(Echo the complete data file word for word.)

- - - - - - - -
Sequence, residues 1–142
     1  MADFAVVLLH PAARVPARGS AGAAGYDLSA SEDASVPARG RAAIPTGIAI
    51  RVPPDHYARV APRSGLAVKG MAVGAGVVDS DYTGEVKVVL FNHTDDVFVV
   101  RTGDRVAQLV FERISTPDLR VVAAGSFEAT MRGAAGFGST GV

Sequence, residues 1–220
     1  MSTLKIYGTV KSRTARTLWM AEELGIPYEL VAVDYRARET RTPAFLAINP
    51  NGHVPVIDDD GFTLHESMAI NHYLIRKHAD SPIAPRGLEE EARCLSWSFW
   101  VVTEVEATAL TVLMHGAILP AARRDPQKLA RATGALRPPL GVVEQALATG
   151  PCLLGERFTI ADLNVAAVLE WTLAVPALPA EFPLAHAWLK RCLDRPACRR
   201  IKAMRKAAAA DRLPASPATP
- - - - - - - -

Sequence, residues 1–142
     1  MADFAVVLLH PAARVPARGS AGAAGYDLSA SEDASVPARG RAAIPTGIAI
    51  RVPPDHYARV APRSGLAVKG MAVGAGVVDS DYTGEVKVVL FNHTDDVFVV
   101  RTGDRVAQLV FERISTPDLR VVAAGSFEAT MRGAAGFGST GV

Sequence, residues 1–220
     1  MSTLKIYGTV KSRTARTLWM AEELGIPYEL VAVDYRARET RTPAFLAINP
    51  NGHVPVIDDD GFTLHESMAI NHYLIRKHAD SPIAPRGLEE EARCLSWSFW
   101  VVTEVEATAL TVLMHGAILP AARRDPQKLA RATGALRPPL GVVEQALATG
   151  PCLLGERFTI ADLNVAAVLE WTLAVPALPA EFPLAHAWLK RCLDRPACRR
   201  IKAMRKAAAA DRLPASPATP